When I asked David how he has learned to cope with the miserable conditions of imprisonment without hope for parole, he made a point of emphasizing this environment of love, loyalty, and friendship that has sustained him now for thirty-three years of prison life. In this respect, he is certainly not typical of the prison population, many of whom feel abandoned to a living death. Is this just because he is such a remarkable individual? Or because he has an unusually energetic group of friends, which now includes young political activists from Black Lives Matter and other groups who come to seek his counsel. Most surely it is the interplay between his personality, his political principles, and his excellent choice of friends. Inside Wende prison, which is all too typical in having a black male population of about 90 percent, he relies on the long-standing network of racial solidarity engendered by his work with the Black Panthers in the 1960s and 70s and his subsequent work inside prison. These comrades protect him from what could otherwise be a very dangerous environment for a slender Jewish guy who is now becoming a somewhat frail senior citizen. In 33 years in maximum security, David has never experienced a physical assault.
Another factor in David’s remarkable endurance has been his self-definition as a political prisoner, an identity that gives incarceration itself a meaning quite different from the usual self-image of criminals as losers and/or victims. There is no trace of self-pity in his conversation. And right alongside his relentlessly thorough self-criticism and acknowledgment of the terrible results of the crime he was involved in, there is a quiet, reflective sense of mindfulness, both in his relation to present circumstances and the conditions of everyday life, as well as the long arc of history to which he feels connected.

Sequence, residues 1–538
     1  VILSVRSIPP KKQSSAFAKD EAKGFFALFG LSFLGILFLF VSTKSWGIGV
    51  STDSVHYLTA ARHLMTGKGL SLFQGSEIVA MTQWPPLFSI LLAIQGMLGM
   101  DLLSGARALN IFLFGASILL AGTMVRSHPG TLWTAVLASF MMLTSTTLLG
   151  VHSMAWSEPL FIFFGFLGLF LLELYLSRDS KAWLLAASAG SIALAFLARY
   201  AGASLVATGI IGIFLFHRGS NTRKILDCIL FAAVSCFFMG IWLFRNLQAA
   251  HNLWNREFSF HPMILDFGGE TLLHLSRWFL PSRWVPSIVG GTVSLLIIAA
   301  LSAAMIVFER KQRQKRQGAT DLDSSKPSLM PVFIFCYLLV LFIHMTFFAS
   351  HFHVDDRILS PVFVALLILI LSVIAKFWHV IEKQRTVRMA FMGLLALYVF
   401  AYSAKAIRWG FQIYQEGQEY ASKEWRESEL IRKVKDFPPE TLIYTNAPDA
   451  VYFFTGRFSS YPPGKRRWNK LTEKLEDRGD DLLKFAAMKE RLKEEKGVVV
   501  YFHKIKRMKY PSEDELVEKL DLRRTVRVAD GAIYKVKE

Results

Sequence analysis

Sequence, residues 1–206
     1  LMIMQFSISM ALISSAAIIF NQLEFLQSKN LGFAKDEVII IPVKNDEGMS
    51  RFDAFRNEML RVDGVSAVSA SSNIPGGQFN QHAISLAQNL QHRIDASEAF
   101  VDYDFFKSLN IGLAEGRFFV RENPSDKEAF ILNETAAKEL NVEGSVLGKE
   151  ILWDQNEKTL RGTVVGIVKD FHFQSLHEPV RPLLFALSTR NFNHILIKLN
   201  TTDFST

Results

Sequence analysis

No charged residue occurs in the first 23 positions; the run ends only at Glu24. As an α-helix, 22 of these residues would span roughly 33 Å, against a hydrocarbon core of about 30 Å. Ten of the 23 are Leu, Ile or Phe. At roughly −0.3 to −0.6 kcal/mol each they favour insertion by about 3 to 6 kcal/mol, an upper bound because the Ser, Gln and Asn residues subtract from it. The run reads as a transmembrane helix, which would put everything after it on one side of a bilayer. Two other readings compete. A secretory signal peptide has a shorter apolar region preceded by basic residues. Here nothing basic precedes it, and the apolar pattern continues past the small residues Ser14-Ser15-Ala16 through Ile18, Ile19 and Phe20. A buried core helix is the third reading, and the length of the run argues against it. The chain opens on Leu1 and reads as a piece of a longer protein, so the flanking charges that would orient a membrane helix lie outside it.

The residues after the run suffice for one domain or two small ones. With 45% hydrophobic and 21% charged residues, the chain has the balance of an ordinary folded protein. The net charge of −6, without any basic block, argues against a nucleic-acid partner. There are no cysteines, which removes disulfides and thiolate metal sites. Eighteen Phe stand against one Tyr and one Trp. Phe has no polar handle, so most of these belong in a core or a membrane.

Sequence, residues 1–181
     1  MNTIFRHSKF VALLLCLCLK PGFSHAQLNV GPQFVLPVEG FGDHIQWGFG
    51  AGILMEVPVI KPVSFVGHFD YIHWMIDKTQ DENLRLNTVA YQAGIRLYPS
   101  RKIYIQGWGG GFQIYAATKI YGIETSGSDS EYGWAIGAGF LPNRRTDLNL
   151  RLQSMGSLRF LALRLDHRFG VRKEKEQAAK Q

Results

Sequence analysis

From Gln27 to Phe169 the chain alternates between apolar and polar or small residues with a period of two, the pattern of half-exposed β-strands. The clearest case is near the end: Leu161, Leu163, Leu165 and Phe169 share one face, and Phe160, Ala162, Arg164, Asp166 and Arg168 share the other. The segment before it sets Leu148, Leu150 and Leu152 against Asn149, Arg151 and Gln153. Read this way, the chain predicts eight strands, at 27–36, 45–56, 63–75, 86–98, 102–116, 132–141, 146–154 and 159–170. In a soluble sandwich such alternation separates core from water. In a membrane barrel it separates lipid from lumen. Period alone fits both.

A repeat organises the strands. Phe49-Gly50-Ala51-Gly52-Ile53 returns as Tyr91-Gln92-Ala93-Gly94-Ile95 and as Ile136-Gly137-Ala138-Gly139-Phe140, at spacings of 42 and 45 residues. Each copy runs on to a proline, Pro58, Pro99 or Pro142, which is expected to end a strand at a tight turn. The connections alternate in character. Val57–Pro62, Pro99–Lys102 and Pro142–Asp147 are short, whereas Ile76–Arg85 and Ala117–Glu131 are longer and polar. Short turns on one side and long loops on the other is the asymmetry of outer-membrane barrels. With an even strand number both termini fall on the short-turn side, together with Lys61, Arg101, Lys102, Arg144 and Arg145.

Perhaps the most interesting moment in our five-hour conversation was at the moment of parting. As the loudspeaker rang out orders to leave, David took a moment to give me some advice. “As a first time visitor to a maximum security prison, you will probably feel a kind of melancholy as you depart. This is a common reaction, and you should be prepared for it.” This made me want to stay for another hour, because I was already starting to feel exactly the emotion he was describing, which only grew stronger as we made our way through the numerous gates out to the car. But what is this feeling really about? Could it be the sense of massive injustice that weighs down on this gentle, wise soul in every moment of his waking life, and must haunt his dreams? Is it a version of “survivors guilt” at the contrast between my own freedom and his probably endless imprisonment? Could it be my own sense that I could never endure the kind of conditions he has not merely suffered but also transformed into the setting for a meaningful life? Whenever I try to imagine what it would mean to be locked up for so long in this ludicrously misnamed “correctional facility,” my heart sinks into a certainty that I would never be able to stand the daily humiliations amid a system that seems designed only to induce despair and a breaking of the spirit. A kind of blackness opens up in my imagination that only seems deeper and darker when I contrast it to the wonderful life, freedom, and work that I have been so lucky to have, and appreciate even more having met David. Or maybe it was just the strangeness of feeling that David Gilbert, a man who maintains his moral equipoise, political vision, and modest cheerfulness amidst conditions whose thought utterly terrifies me, was taking out a moment to comfort me.
 Since Gilbert is in a state prison, he cannot be pardoned by President Obama, but must depend upon the mercy of Governor Andrew Cuomo, an unlikely possibility.